Mr. Pettigrew: Yes. Over the last few years we have put great emphasis on Africa, at the Kananaskis Summit, when we were hosts to the G8. We brought the attention of our G8 partners to the issue. Prime Minister JeanChrétien made it a very significant priority. This is why I was so pleased that we brought forward Bill C-9, which allows for access to HIV/AIDS drugs. I think we could say that we have an African policy that is adapted to the various regions of the country. Of course, North Africa represents a rather different reality. During the last few years, we have mainly been focused on sub-Saharan Africa.

SenatorCorbin: Canada's initiative is rather ad hoc, is it not? That is to say you go to areas where there are conflicts in order to try and find a solution, and perhaps on occasion provide peace-keepers. You are making an effort in the fight against Aids and malaria.

I am trying to understand what the departmental perception is regarding the African continent. Overall, I am trying to find out if we have an African policy or not?

Mr.Pettigrew: We are very involved in productive activities, particularly our partnership with NEPAD. Africans are making considerable progress in terms of good governance of their continent. They assess each other. African governments will submit to a certain assessment amongst themselves. These are productive activities that are accepted in Africa now, and that the Canadian government also supports. So we do both.

Of course, when there are crises, we must intervene appropriately. But we always try to provide productive activities at the same time as ad hoc initiative such as improving the governance of that continent, which is the main obstacle to its development.

SenatorCorbin: Everyone does that. The Americans, the European Union and Japan do it. What specifically would characterize the Canadian effort in Africa? Do you have a particular mission? Let us leave aside the ad hoc initiatives for the moment. How do you see Africa?

Mr.Pettigrew: The leadership offered was the whole issue of NEPAD, which we had put at the heart of the Kananaskis program. But Canadian leadership was extremely useful at that time. The fact that the others are doing so as well means that we have found relevant and productive means with which to meet that continent's needs.


Senator Andreychuk: Minister, I want to welcome you to the committee and to wish you well in your portfolio. I believe it is one of the most important at this point in Canada's history.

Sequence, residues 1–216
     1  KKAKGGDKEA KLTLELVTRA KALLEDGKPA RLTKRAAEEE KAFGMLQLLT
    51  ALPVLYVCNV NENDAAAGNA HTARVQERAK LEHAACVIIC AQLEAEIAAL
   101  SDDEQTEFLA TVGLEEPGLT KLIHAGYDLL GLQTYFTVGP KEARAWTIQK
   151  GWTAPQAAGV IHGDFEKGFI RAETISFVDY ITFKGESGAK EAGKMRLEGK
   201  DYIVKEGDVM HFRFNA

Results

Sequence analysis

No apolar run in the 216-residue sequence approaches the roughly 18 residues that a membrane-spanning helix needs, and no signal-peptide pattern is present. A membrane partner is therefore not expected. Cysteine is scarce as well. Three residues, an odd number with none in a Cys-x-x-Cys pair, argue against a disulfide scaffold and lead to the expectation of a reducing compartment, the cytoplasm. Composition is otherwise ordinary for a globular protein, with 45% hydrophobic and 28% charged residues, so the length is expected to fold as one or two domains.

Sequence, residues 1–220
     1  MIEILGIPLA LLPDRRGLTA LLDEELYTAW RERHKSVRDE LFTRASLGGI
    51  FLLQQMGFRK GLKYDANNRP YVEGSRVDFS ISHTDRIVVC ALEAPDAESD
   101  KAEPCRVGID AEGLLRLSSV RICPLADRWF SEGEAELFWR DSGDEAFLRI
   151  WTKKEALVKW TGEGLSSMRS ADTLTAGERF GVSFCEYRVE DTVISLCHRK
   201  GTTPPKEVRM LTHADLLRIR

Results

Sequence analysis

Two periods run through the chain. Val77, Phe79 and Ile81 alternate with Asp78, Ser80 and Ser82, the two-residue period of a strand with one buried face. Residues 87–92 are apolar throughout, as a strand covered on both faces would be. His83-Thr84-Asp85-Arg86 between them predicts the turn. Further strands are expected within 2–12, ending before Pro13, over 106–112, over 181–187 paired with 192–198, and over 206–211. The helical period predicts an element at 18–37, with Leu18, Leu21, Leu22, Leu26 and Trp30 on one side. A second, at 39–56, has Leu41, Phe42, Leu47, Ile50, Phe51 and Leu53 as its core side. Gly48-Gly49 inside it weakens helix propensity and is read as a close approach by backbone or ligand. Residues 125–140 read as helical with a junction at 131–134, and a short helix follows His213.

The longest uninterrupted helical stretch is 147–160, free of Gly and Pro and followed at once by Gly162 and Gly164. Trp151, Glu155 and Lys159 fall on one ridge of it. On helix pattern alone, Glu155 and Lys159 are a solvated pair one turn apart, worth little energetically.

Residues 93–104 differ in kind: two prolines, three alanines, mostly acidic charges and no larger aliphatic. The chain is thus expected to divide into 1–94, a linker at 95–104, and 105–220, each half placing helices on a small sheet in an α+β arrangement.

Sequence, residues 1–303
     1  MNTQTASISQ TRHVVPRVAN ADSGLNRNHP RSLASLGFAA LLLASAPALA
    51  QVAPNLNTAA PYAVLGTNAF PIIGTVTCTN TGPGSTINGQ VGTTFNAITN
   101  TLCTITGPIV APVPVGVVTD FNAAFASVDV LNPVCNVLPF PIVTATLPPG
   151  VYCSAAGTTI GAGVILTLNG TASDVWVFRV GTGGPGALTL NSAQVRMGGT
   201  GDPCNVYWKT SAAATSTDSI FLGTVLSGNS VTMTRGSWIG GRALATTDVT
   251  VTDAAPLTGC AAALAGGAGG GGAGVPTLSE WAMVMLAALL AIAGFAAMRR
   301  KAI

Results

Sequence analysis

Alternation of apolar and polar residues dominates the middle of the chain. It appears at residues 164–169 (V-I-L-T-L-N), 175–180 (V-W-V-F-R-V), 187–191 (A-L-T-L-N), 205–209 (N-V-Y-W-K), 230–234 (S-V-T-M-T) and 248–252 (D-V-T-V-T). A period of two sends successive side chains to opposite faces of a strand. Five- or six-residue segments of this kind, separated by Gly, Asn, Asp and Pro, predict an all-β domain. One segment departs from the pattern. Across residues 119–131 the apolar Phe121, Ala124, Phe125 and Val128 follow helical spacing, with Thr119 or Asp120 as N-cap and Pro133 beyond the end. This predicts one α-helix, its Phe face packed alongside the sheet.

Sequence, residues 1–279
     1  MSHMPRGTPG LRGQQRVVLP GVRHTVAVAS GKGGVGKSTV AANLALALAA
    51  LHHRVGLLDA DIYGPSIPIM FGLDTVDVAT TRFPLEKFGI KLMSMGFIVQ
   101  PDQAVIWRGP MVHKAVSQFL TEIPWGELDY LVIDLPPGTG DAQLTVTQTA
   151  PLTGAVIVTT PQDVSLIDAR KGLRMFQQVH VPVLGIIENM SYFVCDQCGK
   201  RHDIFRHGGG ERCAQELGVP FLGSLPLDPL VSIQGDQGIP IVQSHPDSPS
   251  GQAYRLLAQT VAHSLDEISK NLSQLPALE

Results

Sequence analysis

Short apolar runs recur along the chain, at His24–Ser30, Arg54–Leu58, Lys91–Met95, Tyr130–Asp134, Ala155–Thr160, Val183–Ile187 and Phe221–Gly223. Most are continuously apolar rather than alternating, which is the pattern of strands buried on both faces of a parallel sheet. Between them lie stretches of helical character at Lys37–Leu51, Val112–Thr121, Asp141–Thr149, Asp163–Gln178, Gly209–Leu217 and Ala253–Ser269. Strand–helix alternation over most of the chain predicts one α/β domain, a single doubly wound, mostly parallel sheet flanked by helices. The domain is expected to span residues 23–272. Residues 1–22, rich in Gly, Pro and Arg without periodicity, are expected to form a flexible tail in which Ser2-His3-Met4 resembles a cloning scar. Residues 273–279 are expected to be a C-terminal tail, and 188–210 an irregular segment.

I want to touch on a couple of things, but I want to start with the fact that in 1994, we were in the Senate portion of a joint committee to study foreign policy. I think it was significant work, and as I recall, one of the most influential parts of our report was that we said defence and security is more than the military. It involves the environment and the security of the state in broader terms than we had ever stated before. We also said that national policy and international policy are two sides of the same coin. I think that was significant.

We put human rights squarely on the table, saying that trade is important but it has to be balanced with human rights issues. Therefore, I think the work of the Senate and the House of Commons was significant at that time. We have heard, since Prime Minister Martin came to power, that there will be a foreign policy review. It was supposed to be before the election; now we are hearing about it after the election.

The Minister of Defence, I am told, invited our committee on defence to give him advice on defence policy. Will you be approaching this committee, either singularly or jointly with the House, to give the same kind of advice to you as it would appear that the defence minister is seeking from the Senate?

Mr. Pettigrew: Absolutely. When we table the international policy review, which is a statement very much along the lines of what you have described — that is, an integrated approach to international relations. It goes beyond traditional diplomacy and integrates defence, development, trade and the concerns of other departments, such as environment, natural resources, energy.

As you know, in Foreign Affairs, we have 15 departments in our missions, embassies and consulates abroad; 15 departments are represented there. Seventy-five per cent of our officers working in Canadian missions abroad come from departments other than Foreign Affairs. You will be pleased to see that our integrated policy review is very much along the lines of what you had established as the appropriate direction to date. We will value very much your contribution, and clearly the international policy statement will be offered to you for your views, and if you have any particular views on the diplomacy paper, that will be taken into account at Foreign Affairs. I will be very pleased to consider these views, with openness.